- Reversing the Rotation of the Crankshaft -
Sometimes it's worth the effort
In some cases of engines with reduction units to drive the propeller, it can be an advantage to have the crankshaft rotate in the opposite direction as the propeller. (For a complete discussion of that subject, see Prop Rotation.)
For example, the GTSIO-520 crankshaft turns in the opposite direction of a standard, direct-drive IO-520, because the gear reduction unit on that engine is a single-mesh type, in which the output shaft rotates in the opposite direction of the input shaft. By reversing the crankshaft rotation, the GTSIO-520 can use the wide range of available propellers designed for clockwise (from the cockpit) rotation.
Reversing the direction in which the crankshaft of a given engine rotates is not particularly difficult. But reversing the engine can add considerable extra expense because of the nonstandard pieces needed, including:
- a special crankshaft with the rod-journal oiling passages drilled to the opposite side of the rod throws in order to support the reversed bearing load phasing,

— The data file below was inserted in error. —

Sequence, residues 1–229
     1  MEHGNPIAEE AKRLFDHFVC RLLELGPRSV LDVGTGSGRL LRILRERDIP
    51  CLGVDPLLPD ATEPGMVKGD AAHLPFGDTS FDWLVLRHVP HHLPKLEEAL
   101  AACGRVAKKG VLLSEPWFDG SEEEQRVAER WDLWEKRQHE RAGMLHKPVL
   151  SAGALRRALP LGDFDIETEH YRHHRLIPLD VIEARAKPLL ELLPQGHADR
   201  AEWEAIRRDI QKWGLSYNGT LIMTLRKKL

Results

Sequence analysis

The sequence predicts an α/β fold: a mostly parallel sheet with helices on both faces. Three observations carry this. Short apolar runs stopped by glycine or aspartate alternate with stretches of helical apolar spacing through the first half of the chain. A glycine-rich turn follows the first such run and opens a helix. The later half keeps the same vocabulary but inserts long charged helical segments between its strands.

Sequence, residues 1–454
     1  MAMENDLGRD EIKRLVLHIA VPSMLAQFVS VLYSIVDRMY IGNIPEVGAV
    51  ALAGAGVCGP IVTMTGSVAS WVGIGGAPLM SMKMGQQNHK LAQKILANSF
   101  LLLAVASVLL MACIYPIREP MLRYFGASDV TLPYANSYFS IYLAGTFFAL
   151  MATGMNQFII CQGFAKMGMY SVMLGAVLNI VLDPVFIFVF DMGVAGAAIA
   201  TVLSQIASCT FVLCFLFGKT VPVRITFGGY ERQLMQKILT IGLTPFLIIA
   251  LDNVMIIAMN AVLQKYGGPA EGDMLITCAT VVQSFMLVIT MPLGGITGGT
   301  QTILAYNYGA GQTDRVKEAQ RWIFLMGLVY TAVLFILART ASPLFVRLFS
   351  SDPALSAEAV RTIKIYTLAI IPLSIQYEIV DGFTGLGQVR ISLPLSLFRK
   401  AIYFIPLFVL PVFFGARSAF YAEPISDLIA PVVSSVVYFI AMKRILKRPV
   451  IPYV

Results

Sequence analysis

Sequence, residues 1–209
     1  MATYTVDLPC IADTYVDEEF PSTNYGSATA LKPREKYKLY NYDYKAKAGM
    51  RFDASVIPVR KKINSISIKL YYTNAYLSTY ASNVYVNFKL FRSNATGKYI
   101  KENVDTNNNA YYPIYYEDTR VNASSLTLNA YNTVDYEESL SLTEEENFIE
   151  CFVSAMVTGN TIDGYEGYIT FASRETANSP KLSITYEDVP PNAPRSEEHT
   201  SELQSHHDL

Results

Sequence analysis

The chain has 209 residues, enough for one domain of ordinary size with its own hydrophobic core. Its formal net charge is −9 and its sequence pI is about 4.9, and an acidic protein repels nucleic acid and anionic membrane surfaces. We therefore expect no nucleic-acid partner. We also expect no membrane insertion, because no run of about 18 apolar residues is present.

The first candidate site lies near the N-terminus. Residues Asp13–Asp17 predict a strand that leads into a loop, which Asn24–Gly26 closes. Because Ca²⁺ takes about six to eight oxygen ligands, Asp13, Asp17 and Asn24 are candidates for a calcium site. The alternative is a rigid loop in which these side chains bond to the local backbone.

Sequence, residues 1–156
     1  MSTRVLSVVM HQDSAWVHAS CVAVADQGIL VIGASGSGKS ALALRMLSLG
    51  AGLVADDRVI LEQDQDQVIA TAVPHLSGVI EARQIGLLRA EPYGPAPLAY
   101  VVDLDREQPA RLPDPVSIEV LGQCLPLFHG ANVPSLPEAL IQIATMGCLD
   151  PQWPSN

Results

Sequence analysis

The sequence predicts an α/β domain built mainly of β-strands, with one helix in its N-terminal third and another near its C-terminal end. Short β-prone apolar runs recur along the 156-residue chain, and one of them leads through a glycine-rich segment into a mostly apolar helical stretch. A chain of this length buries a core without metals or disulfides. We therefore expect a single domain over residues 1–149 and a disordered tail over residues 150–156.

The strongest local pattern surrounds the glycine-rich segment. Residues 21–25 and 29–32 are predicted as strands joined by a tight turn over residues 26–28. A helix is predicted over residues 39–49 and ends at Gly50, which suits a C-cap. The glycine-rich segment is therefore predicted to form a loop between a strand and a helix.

- a special camshaft because reversing the crankshaft reverses the firing order (no, you can’t just use a gear-drive to run the cam in its normal direction, and running it backwards opens the intake during the exhaust cycle and the exhaust during the intake cycle),
- special accessory drive provisions,
- reverse rotation crankshaft seals,
- specially-engineered oil pan (especially critical in dry sump systems);
- reverse-rotation starter and alternator,
- and a host of other details depending on the ignition and oiling systems used.
Given those factors, keeping the standard crankshaft rotation (clockwise viewed facing the waterpump-end of the engine) and using a gearbox with an idler to maintain that direction of prop rotation will appeal to some builders.